UK metal recyclers eagerly awaited two dates in mid-November: the sell-out British Metals Recycling Association (BMRA) Annual Dinner, which had nearly 600 attendees; and the long-awaited proposed draft revision of the EU Waste Shipment Regulation. Clearly, as mainland European countries are key destinations for some of our non-ferrous raw materials from recycling, these proposals would bring consequences for the UK metals recycling industry.
The draft proposes that companies within the EU wishing to export to recycling facilities in OECD countries such as the UK would have to conduct audits of those facilities every three years. The draft recommends that the audit criteria should include ensuring that the facility of destination: is authorized and designed for environmentally sound treatment of the metal; has environmental and health, management and monitoring systems; has traceability on the waste received; has energy/climate measures in place; holds five-year records of shipment/waste management activities; and has not been involved in illegal activities.
This is not yet officially-adopted EU legislation; it still has to be reviewed and adopted by the EU Parliament and Council. This process is expected to take one to two years to complete but, given the major political interest, this could be achieved in a shorter timeframe. Approval will be followed by a transition period of approximately two to three years.
For many months, the BMRA has been supporting the efforts of the European Recycling Industries’ Confederation in lobbying EU leaders on the potentially disastrous effects of a blanket restriction on exports of raw materials from recycling. The BMRA is also taking steps to deter the UK government from embracing the EU export restriction approach; if our government were to place restrictions on exports or to impose other trade impediments such as tariffs or the specification of higher quality criteria, it would be very problematic for the UK non-ferrous recycling industry.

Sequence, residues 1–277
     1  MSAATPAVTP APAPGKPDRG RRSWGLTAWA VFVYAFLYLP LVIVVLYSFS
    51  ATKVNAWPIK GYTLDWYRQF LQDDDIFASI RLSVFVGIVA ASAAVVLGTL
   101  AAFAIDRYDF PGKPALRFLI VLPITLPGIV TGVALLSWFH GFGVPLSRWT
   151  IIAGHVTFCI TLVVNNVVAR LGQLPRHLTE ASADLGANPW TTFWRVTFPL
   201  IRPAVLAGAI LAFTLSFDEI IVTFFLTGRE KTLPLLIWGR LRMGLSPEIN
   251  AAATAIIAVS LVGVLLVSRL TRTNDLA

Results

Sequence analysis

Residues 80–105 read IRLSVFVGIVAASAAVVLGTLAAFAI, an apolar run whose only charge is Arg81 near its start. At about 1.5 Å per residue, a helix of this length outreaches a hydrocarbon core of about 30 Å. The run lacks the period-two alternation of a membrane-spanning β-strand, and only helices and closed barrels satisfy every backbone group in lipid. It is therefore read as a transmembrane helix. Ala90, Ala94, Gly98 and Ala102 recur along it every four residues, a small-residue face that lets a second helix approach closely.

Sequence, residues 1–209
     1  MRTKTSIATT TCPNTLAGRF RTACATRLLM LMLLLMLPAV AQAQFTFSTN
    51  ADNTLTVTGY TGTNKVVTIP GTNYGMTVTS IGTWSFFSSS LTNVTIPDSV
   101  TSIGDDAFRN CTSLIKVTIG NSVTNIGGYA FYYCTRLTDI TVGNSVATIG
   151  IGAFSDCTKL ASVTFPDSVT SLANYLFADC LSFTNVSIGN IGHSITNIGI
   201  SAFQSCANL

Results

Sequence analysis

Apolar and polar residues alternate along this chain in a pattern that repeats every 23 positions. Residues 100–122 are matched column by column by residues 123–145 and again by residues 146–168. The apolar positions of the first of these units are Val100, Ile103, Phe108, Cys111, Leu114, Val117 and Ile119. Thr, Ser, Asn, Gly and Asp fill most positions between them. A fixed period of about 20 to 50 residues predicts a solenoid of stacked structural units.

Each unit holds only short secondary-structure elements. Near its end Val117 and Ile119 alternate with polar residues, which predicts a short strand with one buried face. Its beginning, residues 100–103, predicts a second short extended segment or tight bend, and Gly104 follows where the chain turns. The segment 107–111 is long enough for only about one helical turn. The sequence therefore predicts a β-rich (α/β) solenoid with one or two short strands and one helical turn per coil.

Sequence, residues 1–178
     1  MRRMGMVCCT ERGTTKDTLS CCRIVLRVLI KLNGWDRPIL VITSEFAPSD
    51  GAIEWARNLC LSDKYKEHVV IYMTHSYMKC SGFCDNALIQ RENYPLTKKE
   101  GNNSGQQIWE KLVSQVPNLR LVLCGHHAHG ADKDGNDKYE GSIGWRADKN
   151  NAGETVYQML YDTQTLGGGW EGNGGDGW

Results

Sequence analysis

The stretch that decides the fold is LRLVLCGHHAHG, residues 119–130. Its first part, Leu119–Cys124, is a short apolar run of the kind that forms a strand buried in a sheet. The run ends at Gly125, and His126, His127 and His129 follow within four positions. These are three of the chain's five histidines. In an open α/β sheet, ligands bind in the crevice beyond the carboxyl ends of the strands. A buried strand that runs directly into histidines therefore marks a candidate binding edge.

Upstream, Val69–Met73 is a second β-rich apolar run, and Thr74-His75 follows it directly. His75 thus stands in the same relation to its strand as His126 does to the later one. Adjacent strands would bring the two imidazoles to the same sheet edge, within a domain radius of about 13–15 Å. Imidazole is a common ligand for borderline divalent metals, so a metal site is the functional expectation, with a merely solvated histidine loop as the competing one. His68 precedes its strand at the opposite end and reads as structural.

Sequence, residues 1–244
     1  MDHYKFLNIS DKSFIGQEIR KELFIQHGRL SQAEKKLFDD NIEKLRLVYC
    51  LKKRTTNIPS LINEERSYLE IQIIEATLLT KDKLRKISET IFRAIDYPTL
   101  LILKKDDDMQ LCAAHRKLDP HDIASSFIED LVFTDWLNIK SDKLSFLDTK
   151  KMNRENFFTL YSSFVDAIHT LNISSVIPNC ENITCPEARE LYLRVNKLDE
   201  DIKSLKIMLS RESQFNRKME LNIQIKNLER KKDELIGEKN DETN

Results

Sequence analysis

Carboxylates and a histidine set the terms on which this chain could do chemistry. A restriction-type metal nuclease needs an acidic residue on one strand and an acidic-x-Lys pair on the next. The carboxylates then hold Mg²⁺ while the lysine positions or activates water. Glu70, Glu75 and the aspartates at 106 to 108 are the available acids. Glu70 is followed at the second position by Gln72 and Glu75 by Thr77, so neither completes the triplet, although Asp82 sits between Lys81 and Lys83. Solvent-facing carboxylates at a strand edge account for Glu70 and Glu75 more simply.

UK non-ferrous recyclers are also bracing themselves for a major impact on our bottom lines in April when their entitlement to use red diesel (rebated fuel) will be withdrawn and, overnight, double plant and equipment diesel costs.
Market-wise, UK non-ferrous yards are currently experiencing a slight drop in volumes coming through the gates but are hopeful this is just a lull before the Christmas storm. They are also reporting that unpredictable market and currency fluctuations are providing a challenge. Some merchants are widening their margins as an insurance policy against these fluctuations.
Demand from consumers is still there and merchants say they are having no issues in selling, but they must ensure the correct quality is sold to the right destination. European mills have been reducing discounts for copper scrap to be competitive with Asia. Buyers are cautious when quoting for brass, which is not as easy to hedge, as they do not want to get caught on volatile market highs.